Urban Oasis

At their Portland home, Lucian Burg and Marie Pollard create a feast for the eyes inside and out.


Lucian Burg and Marie Pollard had a lot in common when they met in San Francisco. She was running a catering company; he was a chef at the famed Zuni Cafe. Entrenched in the restaurant business, the two shared the long hours, the joy of preparing food for others, and the pressures of a kitchen. But there was an even deeper bond that linked them: Pollard was born in Maine and Burg had spent the last several summers running a restaurant on Vinalhaven.

After they got married, Pollard sold her catering business, and in 1991 they made the cross- country move to Maine. At the time, housing in Portland was much more affordable than in the Bay Area. The couple wanted a house that had a studio where Burg, also an artist, could paint. When a friend mentioned to them that a house was for sale in Deering Highlands, that it was previously owned by the dean of Maine College of Art, and it had a studio/ carriage house, the two practically bought it on the spot. Enamored with the house itself, they realized the neighborhood was icing on the cake. “It had beautiful old trees, space between houses, so many families and artists,” says Pollard. “We have loved this area from the moment we arrived, and our feelings have only deepened over the years.”

From the moment they moved in, Pollard and Burg have been putting their own mark on the home, filling it with personality and flair, and opening it up in the way they know best: sharing their love for good food with friends. The couple has done the majority of the renovations inside and out themselves. One of the first things they changed was—no surprise—the kitchen, rearranging an awkward layout and getting rid of an electric stove in favor of Burg’s old restaurant stove. They also created separate prep areas for each of them: one for Pollard for baking, another for Burg for cooking. (They also installed a Tuscan grill in the living room fireplace, where they cook many winter meals over hardwoods.)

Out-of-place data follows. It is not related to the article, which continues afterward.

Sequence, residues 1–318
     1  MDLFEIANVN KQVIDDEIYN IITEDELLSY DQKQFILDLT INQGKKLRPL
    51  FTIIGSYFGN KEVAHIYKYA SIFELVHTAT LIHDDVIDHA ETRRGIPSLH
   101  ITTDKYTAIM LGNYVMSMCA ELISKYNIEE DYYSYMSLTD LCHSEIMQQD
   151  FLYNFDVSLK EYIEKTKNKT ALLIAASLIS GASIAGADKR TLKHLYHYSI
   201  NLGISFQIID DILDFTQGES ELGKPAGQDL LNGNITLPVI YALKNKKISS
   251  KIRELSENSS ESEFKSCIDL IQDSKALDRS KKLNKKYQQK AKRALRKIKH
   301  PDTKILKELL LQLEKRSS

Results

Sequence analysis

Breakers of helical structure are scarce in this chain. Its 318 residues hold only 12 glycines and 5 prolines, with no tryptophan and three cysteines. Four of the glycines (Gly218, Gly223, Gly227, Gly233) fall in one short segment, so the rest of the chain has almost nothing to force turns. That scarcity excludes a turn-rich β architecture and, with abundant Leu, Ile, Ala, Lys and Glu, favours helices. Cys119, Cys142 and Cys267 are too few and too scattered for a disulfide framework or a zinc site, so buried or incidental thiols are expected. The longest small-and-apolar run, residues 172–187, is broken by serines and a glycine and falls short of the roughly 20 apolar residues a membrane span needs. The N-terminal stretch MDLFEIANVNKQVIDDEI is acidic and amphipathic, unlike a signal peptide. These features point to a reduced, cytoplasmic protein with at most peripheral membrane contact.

Burg and Pollard’s artistic touches are noticeable around every corner -in his paintings, but also his craftsmanship. To delineate the dining room from the kitchen, which open to one another, they built a coffered ceiling and decorated it with stenciled and gold-leafed oak and maple leaves found on the street. They designed a custom “vitrine-style” coffee table and built bookcases that line the study walls. “Books are my favorite. I just can’t have enough of them, so we have them everywhere,” he says. Burg also made wooden vase forms from old pieces of wood. Items from the couple’s travels fill the rooms as well. “Having a house is like a huge canvas,” Burg says. “Every single thing in here has an incredible story, and we keep adding to it.”

Outside, Pollard and Burg have created a peaceful urban oasis of gardens and sitting areas. “My mom was a great gardener, so I grew up around a great garden,” he says. “When we got here, neither one of us was really handy, per se, but suddenly, we had our own house and all those things became important.” During their first winter in Portland, Burg took a landscape course at Southern Maine Community College and started creating a design for a garden.